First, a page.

Transcription of oral texts is difficult and time consuming. It is made more difficult when the words are spoken quickly and softly, and when the audio is not optimal (e.g., too much wind, background noise). Adding to the difficulty, one may have several hours of oral texts to transcribe.
Monday, May 25, 2020
Monday, May 18, 2020
This short squib was triggered by the following joke that I saw on Facebook (in the group “I Love Mathematics”):
Wife: Please could you go to the shop and get a carton of milk, if they have avocados get six.
Husband: [Returning from the shop with six cartons of milk]: They had avocados.
Friday, May 15, 2020
In this post, I argue that we, as a field, are at the beginning of the scientific study of natural language syntax. There are two aspects to this claim. First, work in generative syntax, even on a well-studied language like English, has just uncovered the tip of the iceberg in terms of documenting the relevant facts and generalizations. Second, we are also at the very beginning of understanding the mechanisms of UG that account for these generalizations.
Tuesday, May 12, 2020
A heavily revised version of a paper on the Greek and English passive by Nikos Angelopoulos, Chris Collins and Arhonto Terzi. Lots of very interesting theoretical conclusions about by-phrases, VoiceP and the Theta-Criterion.
Wednesday, May 6, 2020
In this post, I discuss the use of the phrases “grammaticality judgment” and “acceptability judgment”. I end the post by suggesting that the phrase “grammaticality judgment” should be used for the kind of data that syntacticians gather in a judgment task.
at May 06, 2020
Monday, May 4, 2020
In this post, I walk you through what a typical middle class house in Gaborone, Botswana looks like (the neighborhood is Block 6). This house is in no way unusual for Gaborone. In fact, there are many neighborhoods where the houses look more or less like this (e.g., Block 7 and Block 8). Of course, there is much more expensive housing in Gaborone too, especially in Phakalane. And there is less expensive housing too, in places like Mogoditshane (just outside of Gaborone, on the road to Molepolole).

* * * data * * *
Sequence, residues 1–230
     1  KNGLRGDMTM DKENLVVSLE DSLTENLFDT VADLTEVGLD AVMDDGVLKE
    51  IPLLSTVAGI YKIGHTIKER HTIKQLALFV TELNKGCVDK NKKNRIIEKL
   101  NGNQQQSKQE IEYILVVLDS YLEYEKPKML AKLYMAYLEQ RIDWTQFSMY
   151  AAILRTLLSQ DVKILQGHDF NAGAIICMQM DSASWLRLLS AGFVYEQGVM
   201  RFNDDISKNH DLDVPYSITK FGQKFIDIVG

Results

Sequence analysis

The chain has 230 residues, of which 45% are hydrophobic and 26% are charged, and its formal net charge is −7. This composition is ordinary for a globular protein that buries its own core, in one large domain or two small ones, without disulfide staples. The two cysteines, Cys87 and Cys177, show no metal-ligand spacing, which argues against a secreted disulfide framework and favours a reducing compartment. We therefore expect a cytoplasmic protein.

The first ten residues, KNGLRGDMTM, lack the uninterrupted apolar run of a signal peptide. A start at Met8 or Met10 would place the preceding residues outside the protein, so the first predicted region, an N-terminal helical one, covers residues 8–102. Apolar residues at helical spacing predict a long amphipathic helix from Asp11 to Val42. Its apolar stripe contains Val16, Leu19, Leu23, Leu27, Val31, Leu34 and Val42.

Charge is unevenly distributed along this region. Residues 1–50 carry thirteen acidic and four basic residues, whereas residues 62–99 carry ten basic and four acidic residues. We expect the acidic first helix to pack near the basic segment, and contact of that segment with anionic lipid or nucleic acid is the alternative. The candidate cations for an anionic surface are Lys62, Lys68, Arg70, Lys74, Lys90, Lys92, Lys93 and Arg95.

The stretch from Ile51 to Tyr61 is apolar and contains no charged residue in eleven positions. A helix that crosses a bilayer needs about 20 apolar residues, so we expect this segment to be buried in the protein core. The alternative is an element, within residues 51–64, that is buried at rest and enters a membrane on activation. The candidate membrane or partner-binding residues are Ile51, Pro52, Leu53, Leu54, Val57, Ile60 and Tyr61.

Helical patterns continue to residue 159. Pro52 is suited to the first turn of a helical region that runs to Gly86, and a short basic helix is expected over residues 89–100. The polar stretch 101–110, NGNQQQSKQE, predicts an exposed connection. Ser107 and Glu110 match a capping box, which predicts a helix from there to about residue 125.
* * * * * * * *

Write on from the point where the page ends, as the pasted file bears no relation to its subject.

Thursday, April 30, 2020
An Interview with Paul Postal
The following is an interview with Paul Postal on his career in linguistics. The interview took place via e-mail during the coronavirus pandemic, from Tuesday March 24, 2020 to the end of April, 2020. For readability, some of the questions and answers have been edited and the order of a few of the questions has been altered.
Saturday, April 25, 2020
Wednesday, April 8, 2020
April 9, 2020
Everybody has problems nowadays. I am taking this opportunity to document some of my own.
Wednesday, March 18, 2020
Cambridge Handbook of Minimalism
Edited by Kleanthes K. Grohmann and Evelina Leivada
In minimalist syntax, the syntactic objects formed at any particular step in the derivation occupy a workspace. This chapter will be about the role workspaces play in the minimalist syntax. The emphasis will be on the following questions: